The Black League - Mans Ruin Revisited
Spinefarm Records
Death Rock
12 songs (44'58")
Release year: 2004
The Black League, Spinefarm Records
Reviewed by Alex

For all of you who followed The Black League you simply knew that the album like Man’s Ruin Revisited will come. It was just a matter of time. A little bit of history for those of you who didn’t follow The Black League.

The band was founded and is fronted by the charismatic Taneli Jarva, former bass player/vocalist of Sentenced. Having left Sentenced after Amok and EP Love and Death Jarva was attending to his university studies and probably thinking of getting back to the music circles. With The Black League he did. Having surrounded himself with older professional Finnish musicians who also have been around the block (Motorhead, Impaled Nazarene, Catamenia) Jarva and The Black League issued two full-length albums and one MCD. Both full-length, Ichor and Utopia A.D., were the albums I thoroughly enjoyed and wholeheartedly accepted. Blending the Amok-era Sentenced with dark melodies, a little bit of doom metal and ominous feel was done so well, both albums addictively sucked the listener in. Everything breathed “old school”. Well, Man’s Ruin Revisited took the “old school” approach a step further creating an album of all-out death rock.

The minute I put the CD in and having listened to Old World Monkey I started to suspect it. More convoluted structures are replaced with shorter straightforward rock songs, up front vocals, booming bottom end and dirty guitar sound – yes, The Black League went all the way back to the roots. The opener, Old World Monkey, just sets the mood. My fears that awesome guitarists of The Black League, Valanne and Ranta, will be pushed into the background were quickly alleviated by the squaking and raging trade-off leads in the next track Alive & Dead. OK, so those guys got to play as well. The guitar playing peak, however, is reached as the closer Better Angels (of Our Nature) turns from semi-balladic beginning to what sounds like an uninhibited, almost live, dual guitar jam session. Set to the excellent drumming and sometimes funky beat using a lot of tom rolls by Mika Luttinen, the songs on Man’s Ruin Revisited just says “this is for the older guys who still want to have fun”.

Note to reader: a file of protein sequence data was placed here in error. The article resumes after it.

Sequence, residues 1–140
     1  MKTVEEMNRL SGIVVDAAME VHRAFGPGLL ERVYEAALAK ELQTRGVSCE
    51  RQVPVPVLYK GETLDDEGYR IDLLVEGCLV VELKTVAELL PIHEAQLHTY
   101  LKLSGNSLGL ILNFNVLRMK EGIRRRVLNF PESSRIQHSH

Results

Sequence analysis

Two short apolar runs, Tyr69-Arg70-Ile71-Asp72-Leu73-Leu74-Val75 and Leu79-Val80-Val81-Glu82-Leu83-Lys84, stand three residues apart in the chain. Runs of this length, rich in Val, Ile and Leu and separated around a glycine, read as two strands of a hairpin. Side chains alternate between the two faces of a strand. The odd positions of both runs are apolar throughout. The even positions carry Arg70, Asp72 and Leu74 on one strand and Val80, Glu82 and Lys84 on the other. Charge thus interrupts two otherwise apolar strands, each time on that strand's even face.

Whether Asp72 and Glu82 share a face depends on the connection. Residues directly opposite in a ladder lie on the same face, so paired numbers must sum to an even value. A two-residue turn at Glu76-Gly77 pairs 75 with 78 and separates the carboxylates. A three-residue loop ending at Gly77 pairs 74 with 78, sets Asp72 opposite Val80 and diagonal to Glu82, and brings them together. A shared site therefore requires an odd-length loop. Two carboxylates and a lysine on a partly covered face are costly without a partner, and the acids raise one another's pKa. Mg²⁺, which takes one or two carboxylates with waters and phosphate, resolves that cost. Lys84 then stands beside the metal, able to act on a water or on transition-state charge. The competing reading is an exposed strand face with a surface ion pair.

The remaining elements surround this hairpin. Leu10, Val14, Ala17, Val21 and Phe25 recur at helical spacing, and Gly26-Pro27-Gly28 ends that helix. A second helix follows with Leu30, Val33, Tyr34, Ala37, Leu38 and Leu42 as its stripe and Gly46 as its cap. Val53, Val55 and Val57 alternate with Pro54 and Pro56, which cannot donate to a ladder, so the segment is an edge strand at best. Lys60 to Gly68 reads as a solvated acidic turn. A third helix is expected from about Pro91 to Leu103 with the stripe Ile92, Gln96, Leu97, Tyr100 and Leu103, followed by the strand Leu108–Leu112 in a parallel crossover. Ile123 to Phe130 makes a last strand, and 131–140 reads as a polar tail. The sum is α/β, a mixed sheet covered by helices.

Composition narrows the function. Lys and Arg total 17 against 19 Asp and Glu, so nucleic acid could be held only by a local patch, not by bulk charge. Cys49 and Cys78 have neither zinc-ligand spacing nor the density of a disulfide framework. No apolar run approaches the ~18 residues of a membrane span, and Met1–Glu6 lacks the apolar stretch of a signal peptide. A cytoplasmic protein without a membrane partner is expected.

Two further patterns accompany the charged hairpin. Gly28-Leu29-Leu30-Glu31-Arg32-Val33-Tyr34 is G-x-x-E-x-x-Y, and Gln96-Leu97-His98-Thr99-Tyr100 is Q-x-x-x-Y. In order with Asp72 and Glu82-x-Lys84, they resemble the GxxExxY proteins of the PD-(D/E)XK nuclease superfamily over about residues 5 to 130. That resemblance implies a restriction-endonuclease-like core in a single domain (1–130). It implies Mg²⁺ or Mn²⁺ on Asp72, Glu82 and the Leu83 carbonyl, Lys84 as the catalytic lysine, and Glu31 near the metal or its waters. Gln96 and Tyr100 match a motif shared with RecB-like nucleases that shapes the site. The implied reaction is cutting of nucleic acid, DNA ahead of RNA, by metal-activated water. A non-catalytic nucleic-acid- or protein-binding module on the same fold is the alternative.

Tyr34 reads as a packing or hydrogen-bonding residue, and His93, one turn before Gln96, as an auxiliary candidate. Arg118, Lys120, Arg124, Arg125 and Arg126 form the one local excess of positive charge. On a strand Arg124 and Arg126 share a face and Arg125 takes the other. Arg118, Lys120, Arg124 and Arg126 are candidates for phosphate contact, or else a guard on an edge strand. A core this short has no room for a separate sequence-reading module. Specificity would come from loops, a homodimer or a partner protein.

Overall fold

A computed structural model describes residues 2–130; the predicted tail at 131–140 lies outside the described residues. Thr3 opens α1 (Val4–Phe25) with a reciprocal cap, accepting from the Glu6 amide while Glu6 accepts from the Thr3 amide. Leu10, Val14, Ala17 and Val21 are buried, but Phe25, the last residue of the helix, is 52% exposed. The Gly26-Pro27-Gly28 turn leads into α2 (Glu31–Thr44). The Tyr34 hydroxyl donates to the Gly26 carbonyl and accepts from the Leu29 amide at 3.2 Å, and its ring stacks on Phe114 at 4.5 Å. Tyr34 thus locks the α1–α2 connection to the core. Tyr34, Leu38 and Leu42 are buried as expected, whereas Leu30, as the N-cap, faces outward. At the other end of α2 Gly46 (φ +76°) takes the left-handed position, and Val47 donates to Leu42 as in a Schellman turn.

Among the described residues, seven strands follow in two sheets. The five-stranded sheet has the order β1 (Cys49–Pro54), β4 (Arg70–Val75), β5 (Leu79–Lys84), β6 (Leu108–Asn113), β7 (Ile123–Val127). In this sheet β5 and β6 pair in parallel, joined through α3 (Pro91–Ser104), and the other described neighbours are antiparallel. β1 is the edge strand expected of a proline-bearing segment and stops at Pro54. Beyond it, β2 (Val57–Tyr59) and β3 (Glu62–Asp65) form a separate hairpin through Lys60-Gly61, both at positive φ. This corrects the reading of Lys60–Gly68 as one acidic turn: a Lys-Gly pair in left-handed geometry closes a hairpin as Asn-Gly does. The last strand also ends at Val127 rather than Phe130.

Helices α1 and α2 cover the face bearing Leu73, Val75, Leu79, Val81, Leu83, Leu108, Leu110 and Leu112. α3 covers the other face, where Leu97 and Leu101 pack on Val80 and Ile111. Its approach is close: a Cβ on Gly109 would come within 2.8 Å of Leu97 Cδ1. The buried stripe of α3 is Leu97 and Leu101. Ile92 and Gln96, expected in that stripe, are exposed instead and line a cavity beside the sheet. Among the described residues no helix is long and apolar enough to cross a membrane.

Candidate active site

Two of my favorite songs, though, are signature The Black League slow, unbelievably heavy blues tracks Black Water Fever and Lost in the Shadows I Walk Alone. These songs suit Jarva’s vocal style the best, or so this reviewer thinks. I just don’t understand how some people call his approach to singing “boring” when I am simply mesmerized by his voice. He does much less of vocal variations than he did, let’s say, on Amok, but his deep never clean yet so well enunciated singing just drags you in when the music is slow molasses.

Generally, heavy rock’n’roll, blues and even country overtones (Mad Ol’ Country) are used as song foundations on Man’s Ruin Revisited. For everybody who wants some party rock I can recommend Cold Women & Warm Beer. As opposed to trash known as Andrew W.K. The Black League makes the party rock classy. Made to sound like heavy boogie this song could simply come off the Pulp Fiction soundtrack.

I am sure just about every town in the US, and probably the same in Finland, has a bar or tavern where older dudes, bikers, truckers wearing leather jackets gather. The smoke hanging from the ceiling is so thick you can cut it with the knife. Questionably attractive not-so-fresh looking chicks wrap themselves around the tough male crowd. This bar/tavern must have the stage with the band playing on it. Guess what, Man’s Ruin Revisited would be perfect for the described atmosphere. Just look at this cover art, or the booklet which is done as if typed on the old typewriter which already has some letters skipping due to age.

I can’t call this album to be stronger than its two predecessors, because in my opinion it is very different. If Utopia A.D. got a tag of “difficult to get into”, Man’s Ruin Revisited will be hit or miss right away depending on the listener’s outlook. I personally thought the album was solid, and my quote reflects that. It will be very interesting to see what The Black League does next.

Killing Songs :
Old World Monkey, Alive & Dead, Black Water Fever, Lost in the Shadows I Walk Alone, Better Angels (of Our Nature)
Alex quoted 80 / 100
Other albums by The Black League that we have reviewed:
The Black League - Utopia A. D. reviewed by Alex and quoted 89 / 100
The Black League - Ichor reviewed by Danny and quoted 79 / 100
0 readers voted
You did not vote yet.
Vote now

There are no replies yet to this review
Be the first one to post a reply!